NBC10 - Cydney Long
SEPTA announces it plans to hike fares this summer and change to a new payment system the following year. NBC10's Cydney Long reports.
The end of tokens is coming to SEPTA, but thanks to new technology and lower revenues as fewer people ride on city transit, so are fare increases across the board.
SEPTA unveiled a proposed budget today for the next fiscal year that calls for fare hikes on buses, subways, trolleys, regional rail trains, PATCO transfers and monthly passes to take effect on July 1.
The fare hikes range from a quarter for cash fares on buses, subways and trolleys to $9 for a Monthly TransPass. The cost of a cash fare will go up another 25 cents to $2.50 when New Payment Technology, or NPT, is instituted in 2014.
The cost of a token will go up 35 cents to $1.80 in July and remain at $1.80 when NPT begins around July 2014. Transfers will remain at $1 through the transitions.
SEPTA is in need of more revenue with ridership numbers down so far this year. In its February Revenue and Ridership Report, SEPTA reported that ridership since the fiscal year began July 1, 2012 is 1.8 percent below budget and 1.9 percent off last year’s pace.
February marked the fourth-straight month where ridership fell in the city. In total, SEPTA has given 3.21 million, or 1.5 percent, fewer rides this year compared to last. The transit agency report mentions days lost to Superstorm Sandy as cutting into the total ridership for the year.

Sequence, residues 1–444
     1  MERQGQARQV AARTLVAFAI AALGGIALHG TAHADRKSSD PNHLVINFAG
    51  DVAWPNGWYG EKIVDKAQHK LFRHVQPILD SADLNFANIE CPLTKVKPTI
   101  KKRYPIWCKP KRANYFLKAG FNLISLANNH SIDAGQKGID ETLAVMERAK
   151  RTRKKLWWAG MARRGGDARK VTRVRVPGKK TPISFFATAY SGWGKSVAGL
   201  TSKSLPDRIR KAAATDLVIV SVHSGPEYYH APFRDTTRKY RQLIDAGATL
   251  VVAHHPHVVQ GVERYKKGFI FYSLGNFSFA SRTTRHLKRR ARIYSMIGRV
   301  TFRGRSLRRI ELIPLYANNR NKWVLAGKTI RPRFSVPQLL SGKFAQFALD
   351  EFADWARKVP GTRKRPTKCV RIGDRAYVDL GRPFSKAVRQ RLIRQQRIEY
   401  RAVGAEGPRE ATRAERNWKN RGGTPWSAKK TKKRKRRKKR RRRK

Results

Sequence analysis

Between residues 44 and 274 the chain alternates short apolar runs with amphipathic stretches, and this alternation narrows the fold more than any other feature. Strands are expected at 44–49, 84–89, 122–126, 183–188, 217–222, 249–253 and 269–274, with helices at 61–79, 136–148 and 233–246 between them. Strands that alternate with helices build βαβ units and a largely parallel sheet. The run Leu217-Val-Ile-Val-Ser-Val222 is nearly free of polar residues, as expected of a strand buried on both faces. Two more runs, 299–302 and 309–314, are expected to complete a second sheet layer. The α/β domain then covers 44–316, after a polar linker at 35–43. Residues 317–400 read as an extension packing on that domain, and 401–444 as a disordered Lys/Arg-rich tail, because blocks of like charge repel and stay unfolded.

One area where ridership is up, though, is Regional Rail. Monthly ridership was up for the third-straight month, according to SEPTA.
Regional Rail passengers will need to pay more under SEPTA’s new plan and with the NPT coming, the agency plans to expand Zones 3 and 4 while hiking fares as much as 75 cents depending on the zone. Weekly TrailPasses will also go up as much at $15 for monthly passengers using Zone 4 who will need to pay $191 each month.
With changes coming, riders are already preparing to pay more. The proposed fare hikes could cost southwest Philadelphia’s Julius Miles an extra $96 a year.
“I’ll spend too much money trying to get back and forth from work every day,” Miles told NBC10’s Cydney Long. “And we’ve got to get to work to take care of our families.”
There are some exceptions to fare increases.
The costs could be less on Regional Rail if passengers use a certain type of NPT. The proposed budget calls for reduced Regional Rail prices -- in some cases up to 20 cents cheaper than current fares -- if passengers use a Stored Value Smart Media Card instead of a tap and go vending machine card.
Also, passengers with disabilities will continue to only pay $1 for a ride on city transit and seniors and children on Regional Rail will continue to receive discounts, in some cases the fare could be less.
SEPTA also plans to continue with a plan to eliminate controversial gender stickers this summer. Area lesbian, gay, bisexual and transgender advocates had questioned the policy.
SEPTA will be holding public hearings next month in all five Pennsylvania Counties that the transit authority serves where the public can find out more about the plan.